The European Investment Bank has pumped in €25m to MariaDB, the commercial company propagating the open-source database of the same name.
The funding from the European Fund for Strategic Investments is effectively a long-term loan, but made under a fund set-up to support the European Commission's Investment Plan for Europe, also called The Juncker Plan, which the Bank describes as "aiming at reviving investment in strategic projects around Europe".
In a statement, the European Commission said that the loan was intended to "support the company's next stage of growth and database innovation".
It continued: "The EIB funding will be used to further product innovation for MariaDB's expanding global enterprise client base and increase its sales and marketing teams in Europe, America, and Asia. Specifically, within Europe, the company will expand its European operations with new engineering hires in Helsinki."
Michael Howard, CEO of MariaDB Corporation, said that the funding form "part of a multi-step strategy to strengthen MariaDB across Europe, America and Asia, and will help foster the next phase of growth for the company".
Shortly after he joined the company, Howard raised $9m in funding from Intel Capital. It's not clear why MariaDB resorted to the EIB for funding, rather than the market, other than to avoid dilution for existing shareholders.
Based in Helsinki, the €25m funding brings the company's total funding to just over $65m since it was founded (as SkySQL) in 2009 by Michael ‘Monty' Widenius, shortly after he sold MySQL to Sun Microsystems for $1bn.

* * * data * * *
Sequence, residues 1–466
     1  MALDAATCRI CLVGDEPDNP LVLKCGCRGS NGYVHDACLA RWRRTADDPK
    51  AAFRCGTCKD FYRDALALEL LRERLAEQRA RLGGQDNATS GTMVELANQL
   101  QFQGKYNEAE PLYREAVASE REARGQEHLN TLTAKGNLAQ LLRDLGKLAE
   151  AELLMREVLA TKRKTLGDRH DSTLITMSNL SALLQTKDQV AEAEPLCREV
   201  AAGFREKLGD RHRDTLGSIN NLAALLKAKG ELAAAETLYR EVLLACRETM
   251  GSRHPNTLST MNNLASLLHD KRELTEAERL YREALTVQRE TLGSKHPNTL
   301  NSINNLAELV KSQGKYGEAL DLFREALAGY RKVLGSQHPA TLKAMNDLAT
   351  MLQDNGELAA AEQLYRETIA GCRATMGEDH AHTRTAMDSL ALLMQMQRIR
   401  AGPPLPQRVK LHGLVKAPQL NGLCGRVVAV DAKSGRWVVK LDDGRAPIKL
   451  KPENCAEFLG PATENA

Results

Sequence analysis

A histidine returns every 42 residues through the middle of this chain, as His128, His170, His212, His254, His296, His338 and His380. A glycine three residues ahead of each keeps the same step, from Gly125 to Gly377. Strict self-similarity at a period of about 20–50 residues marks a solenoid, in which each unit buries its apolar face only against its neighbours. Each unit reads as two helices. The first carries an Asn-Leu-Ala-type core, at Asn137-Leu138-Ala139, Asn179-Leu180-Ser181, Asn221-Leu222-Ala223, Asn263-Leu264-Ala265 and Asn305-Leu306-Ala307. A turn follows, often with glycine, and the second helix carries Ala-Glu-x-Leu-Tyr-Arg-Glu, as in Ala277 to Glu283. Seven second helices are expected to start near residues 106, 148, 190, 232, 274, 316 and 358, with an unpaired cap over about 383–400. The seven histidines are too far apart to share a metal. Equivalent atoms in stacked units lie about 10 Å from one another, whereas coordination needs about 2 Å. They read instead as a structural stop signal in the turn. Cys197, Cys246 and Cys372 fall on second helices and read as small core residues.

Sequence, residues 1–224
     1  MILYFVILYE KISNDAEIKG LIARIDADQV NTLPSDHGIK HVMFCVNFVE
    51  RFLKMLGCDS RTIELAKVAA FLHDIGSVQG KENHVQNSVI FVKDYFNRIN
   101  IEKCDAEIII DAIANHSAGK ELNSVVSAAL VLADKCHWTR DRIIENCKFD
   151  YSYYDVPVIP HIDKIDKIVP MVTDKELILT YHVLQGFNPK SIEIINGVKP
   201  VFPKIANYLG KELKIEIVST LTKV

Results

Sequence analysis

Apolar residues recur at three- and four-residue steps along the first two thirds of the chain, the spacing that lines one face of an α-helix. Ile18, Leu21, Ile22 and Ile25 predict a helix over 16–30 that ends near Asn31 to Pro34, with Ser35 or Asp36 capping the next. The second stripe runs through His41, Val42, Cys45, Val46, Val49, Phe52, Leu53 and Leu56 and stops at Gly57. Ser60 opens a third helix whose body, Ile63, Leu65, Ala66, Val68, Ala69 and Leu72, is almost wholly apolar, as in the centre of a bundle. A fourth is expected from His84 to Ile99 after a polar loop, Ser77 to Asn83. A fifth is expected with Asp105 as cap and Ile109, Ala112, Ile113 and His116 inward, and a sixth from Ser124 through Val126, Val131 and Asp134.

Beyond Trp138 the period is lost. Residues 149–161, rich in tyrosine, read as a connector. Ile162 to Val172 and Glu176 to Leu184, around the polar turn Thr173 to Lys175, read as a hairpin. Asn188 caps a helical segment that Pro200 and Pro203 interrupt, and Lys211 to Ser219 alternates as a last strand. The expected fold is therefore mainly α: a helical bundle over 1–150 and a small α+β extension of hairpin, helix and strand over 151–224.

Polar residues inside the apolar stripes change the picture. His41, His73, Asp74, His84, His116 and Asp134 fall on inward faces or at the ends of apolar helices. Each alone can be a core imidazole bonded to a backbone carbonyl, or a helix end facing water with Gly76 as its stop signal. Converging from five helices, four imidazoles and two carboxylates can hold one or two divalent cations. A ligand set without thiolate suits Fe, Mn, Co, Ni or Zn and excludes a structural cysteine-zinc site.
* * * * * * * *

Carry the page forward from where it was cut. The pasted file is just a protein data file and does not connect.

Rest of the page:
Open-source database MySQL was a relational database first released in 1995 intended to provide a free or low-cost alternative to Oracle and other big-name relational databases. The company supported itself from selling associated services. MariaDB is a community-developed fork of MySQL founded after database giant Oracle acquired Sun and, by extension, MySQL.
Widenius, meanwhile, left MariaDB prior to its rebranding to run the MariaDB Foundation, before returning in January last year as chief technology officer. The company today claims some 12 million or so users.
The investment from EIB in MariaDB is somewhat unusual.
The typical investments for the European Commission's Investment Plan for Europe include things like the A6 Almere motorway in Spain, a new hospital in the UK's Midlands region, funded under a public-private partnership, and an upgrade to Tallinn Airport in Estonia. Most of the investments in Finland have been for energy-efficient buildings, rather than software.
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